Authorities in major American cities have increased security measures for the New Year holiday in the wake of Monday's attack in the German capital of Berlin, where a truck driver rammed his vehicle into a Christmas market, killing 12 people.
Only an hour after the attack, which also injured nearly 50 people, the New York Police Department (NYPD) deployed heavily armed counter-terrorism units to monitor crowded pop-up Christmas markets in Union Square, Bryant Park and Columbus Circle.
The NYPD has also reached out to truck rental companies, advising them to practice vigilance and report any suspicious interactions with customers who might be looking for a truck to carry out similar attacks.
New York Mayor Bill de Blasio on Tuesday confirmed that he was working to beef up the city’s security, describing the precautions as a “sad reality.”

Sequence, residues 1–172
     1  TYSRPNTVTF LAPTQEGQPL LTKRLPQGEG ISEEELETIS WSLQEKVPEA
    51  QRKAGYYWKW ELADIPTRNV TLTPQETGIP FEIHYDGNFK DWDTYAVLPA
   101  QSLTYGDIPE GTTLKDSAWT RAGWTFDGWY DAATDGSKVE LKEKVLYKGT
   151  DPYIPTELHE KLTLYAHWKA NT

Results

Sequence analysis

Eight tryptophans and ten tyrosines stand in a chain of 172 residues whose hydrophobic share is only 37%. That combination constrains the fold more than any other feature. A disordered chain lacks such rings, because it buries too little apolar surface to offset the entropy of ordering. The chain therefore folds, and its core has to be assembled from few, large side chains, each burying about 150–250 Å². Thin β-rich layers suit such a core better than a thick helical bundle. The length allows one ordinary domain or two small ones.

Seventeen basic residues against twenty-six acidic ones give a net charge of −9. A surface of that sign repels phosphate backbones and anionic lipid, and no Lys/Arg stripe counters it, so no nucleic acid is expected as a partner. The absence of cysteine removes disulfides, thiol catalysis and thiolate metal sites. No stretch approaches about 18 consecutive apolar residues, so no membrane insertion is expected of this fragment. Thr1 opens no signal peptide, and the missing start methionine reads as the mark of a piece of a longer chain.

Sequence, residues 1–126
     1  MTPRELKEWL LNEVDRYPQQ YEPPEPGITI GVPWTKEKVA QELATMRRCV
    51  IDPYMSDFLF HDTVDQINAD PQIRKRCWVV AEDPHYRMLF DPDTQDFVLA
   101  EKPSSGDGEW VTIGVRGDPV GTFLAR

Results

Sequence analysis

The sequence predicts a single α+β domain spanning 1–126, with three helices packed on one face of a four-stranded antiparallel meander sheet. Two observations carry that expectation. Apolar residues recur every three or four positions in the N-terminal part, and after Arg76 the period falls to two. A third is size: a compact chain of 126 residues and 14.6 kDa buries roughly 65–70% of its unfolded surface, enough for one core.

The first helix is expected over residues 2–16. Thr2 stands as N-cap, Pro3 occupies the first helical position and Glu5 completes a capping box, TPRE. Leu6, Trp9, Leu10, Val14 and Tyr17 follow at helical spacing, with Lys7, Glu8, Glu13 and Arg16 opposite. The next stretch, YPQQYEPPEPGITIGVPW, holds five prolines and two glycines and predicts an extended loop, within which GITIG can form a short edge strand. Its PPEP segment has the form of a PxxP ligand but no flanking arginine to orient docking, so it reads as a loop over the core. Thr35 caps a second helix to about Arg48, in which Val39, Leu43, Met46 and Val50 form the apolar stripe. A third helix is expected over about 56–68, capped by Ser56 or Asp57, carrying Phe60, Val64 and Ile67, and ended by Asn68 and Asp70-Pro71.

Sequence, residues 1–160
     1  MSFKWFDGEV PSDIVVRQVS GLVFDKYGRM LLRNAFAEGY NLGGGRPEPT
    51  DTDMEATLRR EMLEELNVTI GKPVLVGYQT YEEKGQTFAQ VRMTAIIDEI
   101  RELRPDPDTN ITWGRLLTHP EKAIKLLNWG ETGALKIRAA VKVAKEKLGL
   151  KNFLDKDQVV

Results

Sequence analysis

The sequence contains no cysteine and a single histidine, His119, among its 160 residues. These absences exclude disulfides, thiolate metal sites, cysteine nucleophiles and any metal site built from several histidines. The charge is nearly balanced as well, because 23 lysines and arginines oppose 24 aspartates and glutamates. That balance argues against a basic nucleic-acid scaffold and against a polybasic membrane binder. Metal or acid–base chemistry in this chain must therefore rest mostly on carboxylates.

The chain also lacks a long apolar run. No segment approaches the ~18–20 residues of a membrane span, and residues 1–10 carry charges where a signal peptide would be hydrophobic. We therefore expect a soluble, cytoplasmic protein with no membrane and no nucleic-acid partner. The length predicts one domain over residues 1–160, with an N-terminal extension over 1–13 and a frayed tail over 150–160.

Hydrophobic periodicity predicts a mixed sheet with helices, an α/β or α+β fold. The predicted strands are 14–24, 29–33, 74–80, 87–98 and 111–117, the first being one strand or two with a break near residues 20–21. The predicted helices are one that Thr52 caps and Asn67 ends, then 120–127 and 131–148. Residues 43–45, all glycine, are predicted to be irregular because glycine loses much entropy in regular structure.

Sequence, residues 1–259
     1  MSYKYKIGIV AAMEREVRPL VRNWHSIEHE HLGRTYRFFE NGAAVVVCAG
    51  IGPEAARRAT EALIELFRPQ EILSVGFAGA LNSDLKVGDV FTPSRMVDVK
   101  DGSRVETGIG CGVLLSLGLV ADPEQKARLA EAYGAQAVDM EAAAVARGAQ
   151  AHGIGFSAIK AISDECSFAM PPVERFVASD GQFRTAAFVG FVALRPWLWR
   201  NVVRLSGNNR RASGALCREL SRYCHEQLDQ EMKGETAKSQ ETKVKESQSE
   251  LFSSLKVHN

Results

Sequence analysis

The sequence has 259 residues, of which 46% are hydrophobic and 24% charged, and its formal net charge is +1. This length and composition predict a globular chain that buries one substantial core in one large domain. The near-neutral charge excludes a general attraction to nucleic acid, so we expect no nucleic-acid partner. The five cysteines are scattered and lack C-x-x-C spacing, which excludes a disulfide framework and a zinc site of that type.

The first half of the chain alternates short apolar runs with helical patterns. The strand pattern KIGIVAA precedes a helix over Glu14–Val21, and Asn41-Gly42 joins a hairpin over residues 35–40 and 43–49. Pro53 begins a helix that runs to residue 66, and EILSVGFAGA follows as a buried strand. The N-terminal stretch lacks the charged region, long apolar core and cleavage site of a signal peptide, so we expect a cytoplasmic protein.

“If any New Yorker sees anything suspicious around one of these Christmas markets, we need to know right away,” he said at a press conference.
Security forces in Chicago, Illinois, have also taken extra steps to ensure that the city remains safe during the holidays.
The corners of Chicago’s landmark Daley Plaza have been blocked by diagonally-parked police cars to prevent vehicle access to a Christmas market there.
San Francisco, California, has also seen a heavy presence of security forces, where motorcycle and mounted horse units have been protecting crowded shopping areas.
The authorities had employed similar measures in July, after a man drove a rented, refrigerated truck weighing about 20 tons into a crowd in Nice, France. Over 40 people were killed in that attack and more than 400 other were injured.
Both attacks and in Nice and Berlin have been claimed by the Daesh (ISIL) Takfiri terrorists.
The foreign-backed militant group had said earlier that this year's Macy's Thanksgiving Day parade, held by the department store chain Macy's, would be "an excellent target" for a truck attack.
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